Bjorn Amelan and Bill T. Jones
is the overriding impression given by this particular eleventh-century
Chola-period Parvati. As she was certainly an attendant figure in
an ensemble that featured her divine consort, Shiva, performing
his dance of bliss, Parvati here embodies her role of showgirl with
Her large, wide
eyes and subtle smile suggest contentment and approval at the spectacle
of her husband's dancing. Sturdy strength enlivens her amazing anatomy.Her
boyish shoulders soften into firm shapely arms that taper into elongated
gestures of grace.
The copper alloy
out of which the goddess is fashioned embues the gravity defying
perfection of her breasts with the power of two vibrating cymbals.
The nipples mesmerize with their intense focus projected outwards
like a pair of all seeing eyes. For all their wonder, the breasts
cannot hold the giddy descend of our gaze as it travels down the
coastline of her impossibly fine waist delivering us to the plush
expanse of her undulating hips.
and sway, Pavati is marking time-both musical and cosmic-with her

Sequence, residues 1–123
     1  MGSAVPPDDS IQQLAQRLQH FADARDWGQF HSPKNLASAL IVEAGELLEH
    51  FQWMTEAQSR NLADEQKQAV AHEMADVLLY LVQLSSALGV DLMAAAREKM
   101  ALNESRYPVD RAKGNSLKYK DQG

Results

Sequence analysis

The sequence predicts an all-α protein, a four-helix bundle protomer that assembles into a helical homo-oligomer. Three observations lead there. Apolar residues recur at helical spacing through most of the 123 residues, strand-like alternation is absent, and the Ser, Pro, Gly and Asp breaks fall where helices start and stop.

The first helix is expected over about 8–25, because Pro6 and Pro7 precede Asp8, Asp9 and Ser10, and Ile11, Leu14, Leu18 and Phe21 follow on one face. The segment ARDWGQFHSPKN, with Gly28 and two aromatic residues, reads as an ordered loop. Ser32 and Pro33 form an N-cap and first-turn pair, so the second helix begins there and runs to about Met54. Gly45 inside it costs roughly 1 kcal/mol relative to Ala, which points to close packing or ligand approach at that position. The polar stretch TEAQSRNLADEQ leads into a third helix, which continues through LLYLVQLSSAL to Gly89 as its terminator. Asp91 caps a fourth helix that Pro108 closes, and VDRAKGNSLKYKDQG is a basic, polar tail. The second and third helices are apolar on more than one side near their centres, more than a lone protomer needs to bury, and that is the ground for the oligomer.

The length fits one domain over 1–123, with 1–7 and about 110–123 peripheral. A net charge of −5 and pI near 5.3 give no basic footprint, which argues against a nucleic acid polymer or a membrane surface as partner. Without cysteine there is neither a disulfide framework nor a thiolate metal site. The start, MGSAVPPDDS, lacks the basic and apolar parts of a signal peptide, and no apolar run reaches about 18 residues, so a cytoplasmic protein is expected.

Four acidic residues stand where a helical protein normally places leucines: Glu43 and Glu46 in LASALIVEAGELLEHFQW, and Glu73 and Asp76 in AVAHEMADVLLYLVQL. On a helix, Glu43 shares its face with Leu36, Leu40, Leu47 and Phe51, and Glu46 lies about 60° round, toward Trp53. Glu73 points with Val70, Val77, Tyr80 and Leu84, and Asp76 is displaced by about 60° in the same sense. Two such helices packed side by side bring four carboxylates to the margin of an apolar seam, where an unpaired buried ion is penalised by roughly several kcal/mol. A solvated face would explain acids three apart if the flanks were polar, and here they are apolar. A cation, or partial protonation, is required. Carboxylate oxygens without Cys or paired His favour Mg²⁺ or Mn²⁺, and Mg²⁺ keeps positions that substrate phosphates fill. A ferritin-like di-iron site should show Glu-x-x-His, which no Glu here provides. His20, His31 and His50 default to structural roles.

magnificent hips and ass. She is confident in her role as spiritual
complement to one of the pantheon's most complex deities-Shiva-an
entity who, when not immersed in an eons- long trance of introspection,
is performing a fearsome dance that signals the destruction of the
universe. This delectable showgirl with the calm smile, elegant
demeanor, and swaying hips is completely secure. She knows the nature
of form and its transformation. Within her comely incarnation, there
are many others. One of these is Kali, the monstrous witch, wearing
a belt of sculls, whose womb spits out life even as her hideous
tongue drips blood and her jaws chomp human flesh.
But here, this
beauty projects a confidant, dangerous allure. "Come dance with
me, with us"--she seems to say--"if you dare."
have ever marvelled at a common principle that connects women and
bronze or sculpted goddesses in India. They express identical body
language. Both have the knowledge of how to break the verticality,
the linearity of the body through the principle of three curves
(tribhanga). It is a special way, technique, of breaking the bodyline
and shifting the weight, a recognizable physical attribute throughout
the subcontinent. Parvati is also everywoman.